The Temptations of Jesus: we're they actually tempting?

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Stope

Puritan Board Sophomore
I'm leading a Bible Study, we are in Luke 4 and we are in line to cover the temptations of Christ.

My question is simple: was it actual APPEALING to Jesus when Saran tempted him to bow down and worship?

I'm a wretched man on the path of sanctification, but even if I were to be tempted by Satan to worship him there is 0% part of me that would in the slightest be appealing to me. How much more our sinless Christ who grew in favor and stature with God and men and who came to do the Father's will and was a servant and came not to be served but to serve...?

(Again, the question is NOT what the implications would be if he succumbed to them. It is NOT about the parallels between Jesus "son" of God and Adam "son" of God and Jesus in the wilderness and Israel in the wilderness...)

Thoughts?


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Gforce9

Puritan Board Junior
The temptations were real externally, but not internally, ie. not from within, as is with us. Jesus did not have a sin nature.
 

BGF

Puritan Board Sophomore
Go fast for 40 days, then see how tempted you are. Adam had no particular reason to give into temptation in the midst of plenty and yet he did.

We know that Jesus was tempted in every way that we are. We also know that Jesus was sinless. I would say that Jesus was tempted externally, not internally. When we are tempted and the occasion to sin arises, it is from our sin nature that we give in to temptation. Jesus, although he was subject to the same external temptations, had no sin nature. Therefore, I would not conclude that he found worshipping Satan appealing. He truly suffered want and yet would not satisfy his own natural cravings to deny his Father. None of us, on our own, would do the same.
 

Jack K

Puritan Board Professor
I think the appeal is found in the offer to be given all the kingdoms of the world. That would be tempting to me.

The devil still tempts this way. He suggests that if we only give in on this or that matter, we will be rewarded with worldly influence and success that outweigh the benefits of serving God. He urges us to sell our souls for the things we can see rather than live for what is unseen.

I regularly teach this passage to kids who have the same initial reaction you did: Who would worship the devil? That is so clearly wrong it's hardly a temptation at all. I tell them, yes, it is clearly wrong. But when you're shown everything in the whole world, that's a powerful temptation. We want what we see that looks good. Even when we know we'll have to do wrong to get it, it's very tempting for us to go after something we see that looks desirable.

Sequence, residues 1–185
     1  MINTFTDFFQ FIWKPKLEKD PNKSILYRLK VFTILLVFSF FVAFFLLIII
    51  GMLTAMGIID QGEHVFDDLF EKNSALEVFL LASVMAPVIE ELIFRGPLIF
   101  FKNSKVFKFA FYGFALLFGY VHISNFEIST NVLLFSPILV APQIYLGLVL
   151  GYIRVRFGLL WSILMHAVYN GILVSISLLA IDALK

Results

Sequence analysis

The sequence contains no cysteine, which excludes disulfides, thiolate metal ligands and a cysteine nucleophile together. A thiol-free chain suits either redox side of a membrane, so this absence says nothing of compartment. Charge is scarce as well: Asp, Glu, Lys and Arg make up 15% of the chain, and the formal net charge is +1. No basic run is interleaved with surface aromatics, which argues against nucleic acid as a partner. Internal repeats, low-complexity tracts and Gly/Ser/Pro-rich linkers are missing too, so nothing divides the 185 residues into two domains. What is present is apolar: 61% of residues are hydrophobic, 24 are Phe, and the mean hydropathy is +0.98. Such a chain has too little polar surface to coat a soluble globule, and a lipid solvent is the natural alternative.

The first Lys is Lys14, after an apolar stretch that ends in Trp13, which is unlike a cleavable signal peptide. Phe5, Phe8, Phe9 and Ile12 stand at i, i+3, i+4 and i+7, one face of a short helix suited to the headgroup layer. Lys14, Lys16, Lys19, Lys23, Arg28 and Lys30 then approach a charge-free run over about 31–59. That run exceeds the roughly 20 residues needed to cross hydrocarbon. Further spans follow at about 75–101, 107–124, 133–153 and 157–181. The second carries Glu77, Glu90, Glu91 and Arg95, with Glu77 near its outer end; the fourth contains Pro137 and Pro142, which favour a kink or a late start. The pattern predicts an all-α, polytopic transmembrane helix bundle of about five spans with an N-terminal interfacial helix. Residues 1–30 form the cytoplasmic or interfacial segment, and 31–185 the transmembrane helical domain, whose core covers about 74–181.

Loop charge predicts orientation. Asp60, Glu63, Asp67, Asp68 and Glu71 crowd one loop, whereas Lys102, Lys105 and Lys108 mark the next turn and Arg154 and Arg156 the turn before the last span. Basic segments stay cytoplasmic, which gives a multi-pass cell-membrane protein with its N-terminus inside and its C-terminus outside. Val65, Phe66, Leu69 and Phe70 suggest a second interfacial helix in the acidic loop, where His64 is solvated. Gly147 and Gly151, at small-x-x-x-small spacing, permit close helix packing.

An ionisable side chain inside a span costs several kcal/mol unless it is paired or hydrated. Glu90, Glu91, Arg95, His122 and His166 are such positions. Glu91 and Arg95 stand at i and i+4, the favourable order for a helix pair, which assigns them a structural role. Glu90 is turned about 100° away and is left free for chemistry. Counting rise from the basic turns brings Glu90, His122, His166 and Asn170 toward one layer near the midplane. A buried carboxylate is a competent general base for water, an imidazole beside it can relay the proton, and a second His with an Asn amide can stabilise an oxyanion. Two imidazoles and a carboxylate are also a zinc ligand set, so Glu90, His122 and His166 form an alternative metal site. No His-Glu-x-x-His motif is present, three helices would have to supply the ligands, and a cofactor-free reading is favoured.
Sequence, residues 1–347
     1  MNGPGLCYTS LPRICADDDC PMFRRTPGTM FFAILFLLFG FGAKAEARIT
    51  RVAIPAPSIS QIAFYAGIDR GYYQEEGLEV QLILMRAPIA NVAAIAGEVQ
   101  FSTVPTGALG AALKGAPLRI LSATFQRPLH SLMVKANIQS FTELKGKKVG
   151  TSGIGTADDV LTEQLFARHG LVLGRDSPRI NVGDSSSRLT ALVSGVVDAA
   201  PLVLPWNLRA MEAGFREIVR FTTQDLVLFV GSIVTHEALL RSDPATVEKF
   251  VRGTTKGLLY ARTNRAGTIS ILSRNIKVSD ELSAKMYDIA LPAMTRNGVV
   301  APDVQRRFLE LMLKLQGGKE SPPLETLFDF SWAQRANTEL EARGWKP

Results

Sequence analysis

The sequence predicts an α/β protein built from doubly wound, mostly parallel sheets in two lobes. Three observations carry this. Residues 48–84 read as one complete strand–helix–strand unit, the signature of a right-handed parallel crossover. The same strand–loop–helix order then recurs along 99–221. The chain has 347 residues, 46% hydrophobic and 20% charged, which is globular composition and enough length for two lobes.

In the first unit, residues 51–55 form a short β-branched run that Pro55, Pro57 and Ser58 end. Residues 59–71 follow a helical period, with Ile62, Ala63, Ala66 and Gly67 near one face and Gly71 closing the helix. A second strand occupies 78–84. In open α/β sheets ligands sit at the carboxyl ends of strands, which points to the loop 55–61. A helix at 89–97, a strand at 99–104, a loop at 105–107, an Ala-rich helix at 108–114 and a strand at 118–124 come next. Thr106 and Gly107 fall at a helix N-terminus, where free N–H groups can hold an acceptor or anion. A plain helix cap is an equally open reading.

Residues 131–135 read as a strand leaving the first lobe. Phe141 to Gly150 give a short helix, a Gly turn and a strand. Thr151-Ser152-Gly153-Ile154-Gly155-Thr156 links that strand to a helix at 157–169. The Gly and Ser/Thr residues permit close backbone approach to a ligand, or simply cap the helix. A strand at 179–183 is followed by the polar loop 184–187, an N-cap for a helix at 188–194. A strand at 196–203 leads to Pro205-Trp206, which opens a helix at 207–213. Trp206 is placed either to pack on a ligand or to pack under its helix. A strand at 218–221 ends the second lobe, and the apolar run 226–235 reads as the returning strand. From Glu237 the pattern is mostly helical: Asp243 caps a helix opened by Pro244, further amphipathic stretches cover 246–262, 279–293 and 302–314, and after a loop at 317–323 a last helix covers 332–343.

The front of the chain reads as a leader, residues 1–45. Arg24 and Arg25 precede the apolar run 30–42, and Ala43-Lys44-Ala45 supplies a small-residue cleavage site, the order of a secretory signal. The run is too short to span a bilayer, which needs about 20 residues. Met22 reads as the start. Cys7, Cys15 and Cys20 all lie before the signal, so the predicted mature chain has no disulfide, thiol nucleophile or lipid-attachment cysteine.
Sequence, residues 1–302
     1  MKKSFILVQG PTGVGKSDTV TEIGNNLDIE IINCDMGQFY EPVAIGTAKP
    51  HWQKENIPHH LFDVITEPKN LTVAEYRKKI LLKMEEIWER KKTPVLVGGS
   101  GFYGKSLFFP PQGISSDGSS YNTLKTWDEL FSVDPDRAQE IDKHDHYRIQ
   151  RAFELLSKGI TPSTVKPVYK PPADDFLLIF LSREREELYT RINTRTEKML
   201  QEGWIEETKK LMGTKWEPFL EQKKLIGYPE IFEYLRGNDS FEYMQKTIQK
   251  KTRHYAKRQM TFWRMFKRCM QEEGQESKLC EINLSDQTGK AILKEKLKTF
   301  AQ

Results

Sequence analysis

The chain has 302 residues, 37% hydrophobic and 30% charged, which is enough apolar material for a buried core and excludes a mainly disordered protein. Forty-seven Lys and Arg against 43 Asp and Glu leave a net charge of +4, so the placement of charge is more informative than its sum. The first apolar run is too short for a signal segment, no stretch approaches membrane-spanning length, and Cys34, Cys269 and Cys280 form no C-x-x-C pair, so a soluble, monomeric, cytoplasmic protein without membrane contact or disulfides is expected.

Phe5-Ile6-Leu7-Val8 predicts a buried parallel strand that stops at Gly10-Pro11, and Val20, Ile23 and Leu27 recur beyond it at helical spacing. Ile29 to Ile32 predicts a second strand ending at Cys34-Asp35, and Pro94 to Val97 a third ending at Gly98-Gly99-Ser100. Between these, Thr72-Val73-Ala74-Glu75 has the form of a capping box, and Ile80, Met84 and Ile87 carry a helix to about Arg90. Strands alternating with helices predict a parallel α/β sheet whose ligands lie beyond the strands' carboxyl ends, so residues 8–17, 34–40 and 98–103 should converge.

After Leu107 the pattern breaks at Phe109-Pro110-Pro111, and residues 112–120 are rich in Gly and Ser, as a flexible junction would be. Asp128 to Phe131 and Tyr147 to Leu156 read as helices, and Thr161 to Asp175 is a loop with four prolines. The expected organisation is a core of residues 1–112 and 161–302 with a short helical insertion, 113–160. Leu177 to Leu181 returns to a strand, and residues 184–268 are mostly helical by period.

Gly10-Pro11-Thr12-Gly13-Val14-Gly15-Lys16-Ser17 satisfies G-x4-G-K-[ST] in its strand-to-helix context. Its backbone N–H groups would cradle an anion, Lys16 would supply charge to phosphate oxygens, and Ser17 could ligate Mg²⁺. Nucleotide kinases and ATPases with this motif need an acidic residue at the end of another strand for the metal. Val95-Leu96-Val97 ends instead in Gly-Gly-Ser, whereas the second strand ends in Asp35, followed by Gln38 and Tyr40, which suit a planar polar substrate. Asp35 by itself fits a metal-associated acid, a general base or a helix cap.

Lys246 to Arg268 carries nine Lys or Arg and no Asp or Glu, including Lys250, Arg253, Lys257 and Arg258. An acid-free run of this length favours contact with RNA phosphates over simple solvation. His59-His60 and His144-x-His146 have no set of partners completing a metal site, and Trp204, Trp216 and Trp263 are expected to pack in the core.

Eve's temptation was similar: "The woman saw that the tree was good for food, and that it was a delight to the eyes." Like us, she failed. Jesus' temptation was enormous—he saw every kingdom of the world—but he remained faithful to the Father.
 
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Contra_Mundum

Pilgrim, Alien, Stranger
Staff member
Jesus knows temptation to an intenser degree than practically any sinner. Jesus lived from his flesh which was (prior to full glorification) not one atom or wisp of mind differing from ours. He took on our exact nature, "made like us in every way, sin excepted," Heb.4:15.

Every sinner stalls in his battle with temptation, giving in; and apart from the Spirit's enabling presence, helping believers resist and put the Tempter to flight (Jas.4:7), he does not take the Devil to the limit of his endurance. The typical man (or woman) falls almost right away, without a fight. Very little temptation-effort is even called for from evil.

Jesus vanquished the Tempter. Not once, not thrice, but his whole life and especially during his ministry (see Lk.4:13). Jesus understood the attractions temptations bore to the flesh of man; he felt the attraction. But he trusted the will and word of his Father as reliable, and evaded the snares.

The Devil ran out of tricks before Christ ran out of trust, or his immeasurable Spirit-given supply of strength. And the truth is, that this same trust is the essence of saving faith in believers; who have the Spirit also supplied to them for resistance against temptation.

Jesus did not have to be able or free to sin, for temptation to be "real." He knew the temptation, felt it, and turned his back on it. And he promises his people that they too can use his gifts for that end. That's the blessing of belonging to him.
 

Ryan&Amber2013

Puritan Board Junior
One aspect of Jesus' temptation with Satan I would point out, is that worshipping Satan and gaining the world would have resulted in Jesus not having to go to Calvary. I think the temptation would have been the thought of having glory without the tragic experience of death on a cross. So, yes, I think that temptation was probably real.
 

Stope

Puritan Board Sophomore
Ryan&Amber2013

I'm not ticketing your ear, I have found many of your pays very insightful...

Myself, a mere laymen, am reminded of something C.S. Lewis somewhere shared (paraphrased);

There was a math student who had a question, he then brought it to the teacher and the teacher basically said "this problem you bring is the least of your worries as you are off here, here, here, and here as well." Discouraged the student returned to his desk no less helped but further confused - then one of his peers was able to respond to the first question.

Thank you brother


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